California is arguably the most technological state in the United States, and in the world. Most technology companies are based there, from Apple to Google or Tesla, and many others. Everything new is outdated in a year, and that unstoppable evolution is reflected in advertising. With one exception. On Highway 101 in San Francisco lucky drivers may occasionally see the 1993 Toyota Supra billboard, which has been there for 27 years.
The signs on this California highway are changed every 3-4 months. Why has the Toyota Supra been there since 1993? And why can it only be seen for about six hours a year?
As our colleague Vicente Cano tells us in Top Gear, in an information published in The Drive, this 27-year-old Toyota Supra poster appeared on social networks in January, and has been seen again in May, photographed by drivers. Why is it so striking?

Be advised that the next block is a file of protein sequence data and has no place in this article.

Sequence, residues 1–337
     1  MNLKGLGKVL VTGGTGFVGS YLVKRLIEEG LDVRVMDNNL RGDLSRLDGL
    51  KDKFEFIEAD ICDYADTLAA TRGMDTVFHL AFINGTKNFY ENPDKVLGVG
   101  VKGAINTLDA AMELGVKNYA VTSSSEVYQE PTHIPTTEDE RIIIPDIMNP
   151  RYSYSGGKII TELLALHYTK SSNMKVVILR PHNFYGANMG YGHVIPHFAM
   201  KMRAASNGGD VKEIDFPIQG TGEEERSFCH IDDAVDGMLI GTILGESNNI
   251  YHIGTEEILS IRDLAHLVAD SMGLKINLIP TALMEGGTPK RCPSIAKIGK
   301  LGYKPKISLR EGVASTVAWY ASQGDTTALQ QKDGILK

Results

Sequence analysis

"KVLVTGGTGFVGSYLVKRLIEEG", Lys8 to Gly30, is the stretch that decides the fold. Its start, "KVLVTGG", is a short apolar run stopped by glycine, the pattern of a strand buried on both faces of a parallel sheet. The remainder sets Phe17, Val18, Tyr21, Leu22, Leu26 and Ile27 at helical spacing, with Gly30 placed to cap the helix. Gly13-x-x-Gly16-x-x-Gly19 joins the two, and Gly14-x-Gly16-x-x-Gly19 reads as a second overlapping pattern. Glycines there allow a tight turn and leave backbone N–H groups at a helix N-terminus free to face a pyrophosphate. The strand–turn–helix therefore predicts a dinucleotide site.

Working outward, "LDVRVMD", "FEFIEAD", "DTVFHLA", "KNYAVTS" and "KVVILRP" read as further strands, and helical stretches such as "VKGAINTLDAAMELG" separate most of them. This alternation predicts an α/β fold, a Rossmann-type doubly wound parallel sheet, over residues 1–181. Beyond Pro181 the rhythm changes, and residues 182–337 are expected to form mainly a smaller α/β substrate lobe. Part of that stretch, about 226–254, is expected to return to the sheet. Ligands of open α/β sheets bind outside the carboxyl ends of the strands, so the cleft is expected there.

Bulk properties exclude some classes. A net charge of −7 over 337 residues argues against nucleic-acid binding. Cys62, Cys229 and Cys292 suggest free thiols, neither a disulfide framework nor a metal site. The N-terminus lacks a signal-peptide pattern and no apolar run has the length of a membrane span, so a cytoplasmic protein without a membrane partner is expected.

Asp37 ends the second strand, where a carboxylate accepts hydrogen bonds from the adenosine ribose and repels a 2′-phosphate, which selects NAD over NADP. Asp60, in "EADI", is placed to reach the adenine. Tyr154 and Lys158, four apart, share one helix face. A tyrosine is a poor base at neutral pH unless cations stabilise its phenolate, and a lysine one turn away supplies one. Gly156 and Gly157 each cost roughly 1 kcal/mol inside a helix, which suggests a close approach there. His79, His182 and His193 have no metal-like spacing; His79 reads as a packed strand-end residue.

Although it looks worn, it is an optical effect due to the reflection of the sun. It is preserved in perfect condition.
If you pay attention, in all the photos you can see operators working on and around the sign. This reveals the enigma of why it can only be seen 6 hours a year: vinyls with the new posters are placed on top. When you put on a new one, the old vinyls are removed, revealing the old 1993 Toyota Supra. This process takes two hours, and since the signs are changed 3 times a year, the old Toyota can only be seen for about 6 hours a year, from the highway.
It is striking because nobody knows when they will change it, and uploading the photo of the original poster from 27 years ago has become a tradition on social networks like RADwood.
But there is still a question to answer: Why are other vinyls removed, but the 1993 Toyota Supra is not?
The Drive has contacted the advertising company that manages the San Francisco posters, and explained the reason: 30 years ago, adhesive vinyl was not used to put the advertising. Literally, the posters were painted on the billboard.
The Toyota Supra was the last one that the company painted, in 1993, before switching to vinyl, and as a tribute they decided to keep it. In these 27 years dozens of new posters have been sticking and peeling, but the painting resists perfectly.